Why should we not boycott Chick-Fil-A so that we prevent them from doing well and being able to donate revenue to anti-gay organizations? I will not make the typical conservative response that is usually laced with homophobia and a clear attempt at excusing one's unethical beliefs. Such a response reprimands the critics who have a problem with an anti-gay stance by saying they are being hypocritical and that everyone has a right to their own beliefs. In essence, we pro-LGBT people who embrace diversity and the right of everyone to be the way they are are in fact hypocrites in condemning, and in this case, boycotting those with different beliefs (those who do not believe in same-sex marriage or gay rights). The problem with this argument is that their beliefs are inherently immoral and posit denying equal and necessary legal and social rights to the LGBT population. They cannot claim the same with regard to our beliefs that their beliefs are wrong and should be suppressed because indeed, they are harmful, especially when they spread through families, religious doctrine, public figures, media, etc. Theirs is a straw man argument, and it is not the one I am taking to say that we do not need to boycott Chick-Fil-A and that not doing so will not make us any less pro-LGBT.

My argument to why we should continue to eat at Chick-Fil-A, assuming we were and assuming we are pro-LGBT, is that we need not change our lifestyle to fit our core beliefs, especially when the aspect of the lifestyle to be changed is engrained and the actual opposition to our beliefs, no matter how dear they are to us, is more than a few degrees of separation away to the point where we are not even truly involved. Let's take this piecemeal:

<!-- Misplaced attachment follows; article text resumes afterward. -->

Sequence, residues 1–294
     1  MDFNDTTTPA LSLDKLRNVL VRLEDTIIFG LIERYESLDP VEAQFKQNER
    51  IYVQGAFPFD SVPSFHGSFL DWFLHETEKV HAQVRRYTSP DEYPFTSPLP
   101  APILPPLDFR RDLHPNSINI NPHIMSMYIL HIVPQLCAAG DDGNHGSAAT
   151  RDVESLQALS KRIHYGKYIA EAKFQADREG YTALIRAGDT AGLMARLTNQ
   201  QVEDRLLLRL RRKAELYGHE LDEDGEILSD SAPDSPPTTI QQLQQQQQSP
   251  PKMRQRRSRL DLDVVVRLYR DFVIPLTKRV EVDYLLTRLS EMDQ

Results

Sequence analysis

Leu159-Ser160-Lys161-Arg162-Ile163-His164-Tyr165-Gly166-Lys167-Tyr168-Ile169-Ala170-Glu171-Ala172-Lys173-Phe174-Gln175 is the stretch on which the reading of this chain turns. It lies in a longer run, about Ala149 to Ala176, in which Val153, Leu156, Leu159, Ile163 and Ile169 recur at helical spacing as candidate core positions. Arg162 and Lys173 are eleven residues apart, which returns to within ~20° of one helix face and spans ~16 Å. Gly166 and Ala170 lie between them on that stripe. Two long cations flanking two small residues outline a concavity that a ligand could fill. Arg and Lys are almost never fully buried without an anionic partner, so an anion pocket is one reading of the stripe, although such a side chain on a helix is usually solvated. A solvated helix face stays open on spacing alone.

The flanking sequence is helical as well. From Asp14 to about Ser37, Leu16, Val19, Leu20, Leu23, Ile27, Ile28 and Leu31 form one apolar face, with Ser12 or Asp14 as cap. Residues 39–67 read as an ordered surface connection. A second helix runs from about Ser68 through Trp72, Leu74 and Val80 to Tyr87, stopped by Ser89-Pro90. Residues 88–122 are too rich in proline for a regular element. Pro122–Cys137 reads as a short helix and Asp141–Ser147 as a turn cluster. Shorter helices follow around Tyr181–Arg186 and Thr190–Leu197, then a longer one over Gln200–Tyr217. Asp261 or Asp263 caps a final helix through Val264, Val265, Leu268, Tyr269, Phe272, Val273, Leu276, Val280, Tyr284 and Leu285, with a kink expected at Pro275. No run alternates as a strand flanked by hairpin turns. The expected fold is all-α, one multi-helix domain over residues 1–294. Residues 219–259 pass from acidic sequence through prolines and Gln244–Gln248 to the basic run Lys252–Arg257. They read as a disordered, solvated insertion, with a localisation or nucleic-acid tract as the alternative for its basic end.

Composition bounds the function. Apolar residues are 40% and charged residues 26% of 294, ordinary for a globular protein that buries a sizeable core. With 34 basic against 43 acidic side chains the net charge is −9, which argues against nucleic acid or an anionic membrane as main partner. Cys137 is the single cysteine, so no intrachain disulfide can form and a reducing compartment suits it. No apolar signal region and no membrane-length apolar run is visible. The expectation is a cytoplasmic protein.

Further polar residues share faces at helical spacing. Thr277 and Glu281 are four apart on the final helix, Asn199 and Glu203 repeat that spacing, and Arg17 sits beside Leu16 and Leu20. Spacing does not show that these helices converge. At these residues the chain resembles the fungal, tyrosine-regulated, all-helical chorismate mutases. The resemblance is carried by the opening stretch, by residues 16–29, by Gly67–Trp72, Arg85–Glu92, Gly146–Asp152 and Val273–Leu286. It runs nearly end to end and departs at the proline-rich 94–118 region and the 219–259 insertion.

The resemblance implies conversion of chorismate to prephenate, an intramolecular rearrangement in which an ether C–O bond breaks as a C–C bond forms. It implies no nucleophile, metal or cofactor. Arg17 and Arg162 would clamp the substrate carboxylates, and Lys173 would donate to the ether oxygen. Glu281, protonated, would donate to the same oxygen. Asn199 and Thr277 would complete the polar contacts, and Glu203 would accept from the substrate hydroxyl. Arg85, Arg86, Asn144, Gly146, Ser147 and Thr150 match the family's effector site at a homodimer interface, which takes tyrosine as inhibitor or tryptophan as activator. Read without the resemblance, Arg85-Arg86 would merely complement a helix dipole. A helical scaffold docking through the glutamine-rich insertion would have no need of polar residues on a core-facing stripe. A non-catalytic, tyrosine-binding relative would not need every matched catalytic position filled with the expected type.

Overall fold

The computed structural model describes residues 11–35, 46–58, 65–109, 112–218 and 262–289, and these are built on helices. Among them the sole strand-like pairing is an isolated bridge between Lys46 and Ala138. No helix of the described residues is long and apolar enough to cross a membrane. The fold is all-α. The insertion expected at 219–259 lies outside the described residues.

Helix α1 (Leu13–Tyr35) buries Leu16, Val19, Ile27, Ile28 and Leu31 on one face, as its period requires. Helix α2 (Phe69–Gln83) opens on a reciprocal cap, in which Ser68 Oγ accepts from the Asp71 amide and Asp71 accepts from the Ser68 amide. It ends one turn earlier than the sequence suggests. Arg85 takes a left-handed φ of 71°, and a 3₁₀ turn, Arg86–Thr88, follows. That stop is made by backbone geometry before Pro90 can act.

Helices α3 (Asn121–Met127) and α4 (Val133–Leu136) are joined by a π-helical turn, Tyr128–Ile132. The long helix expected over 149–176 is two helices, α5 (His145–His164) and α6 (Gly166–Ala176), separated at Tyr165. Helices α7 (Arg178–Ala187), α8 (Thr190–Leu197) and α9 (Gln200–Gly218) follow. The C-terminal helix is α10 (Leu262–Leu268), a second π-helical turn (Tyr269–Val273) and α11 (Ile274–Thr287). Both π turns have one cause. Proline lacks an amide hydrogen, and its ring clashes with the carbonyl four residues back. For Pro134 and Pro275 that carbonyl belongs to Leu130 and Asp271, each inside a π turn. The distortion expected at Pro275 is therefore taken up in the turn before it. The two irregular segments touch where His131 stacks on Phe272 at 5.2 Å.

Say Chick-Fil-A is a big deal to you. It sort of is to me, and it has a special (and unhealthy) place in my (soon-to-be failing) heart. It has to be one of my favorite fast food joints. I grew up in the South, believe it or not, where there were plenty of Chick-Fil-As around. I looked forward to eating there and still do when I visit my hometown. I just really love their chicken, especially the Chicken Sandwich. So when we decide we are craving Chick-Fil-A or simply want to dine there if we see it, should we turn the other cheek because the company officially is anti-gay? No. It is a change in lifestyle, granted a minute one, but still a change we must make on our part to eat elsewhere and eat another kind of food (because nowhere else makes this kind of chicken, let's face it) when we would have just eaten at Chick-Fil-A. Is an individual's having to make a small change in lifestyle enough justification to not actively boycott a corporate giant that is against gay rights? Perhaps not, but it is definitely a reason, and it factors in along with the others that I will give.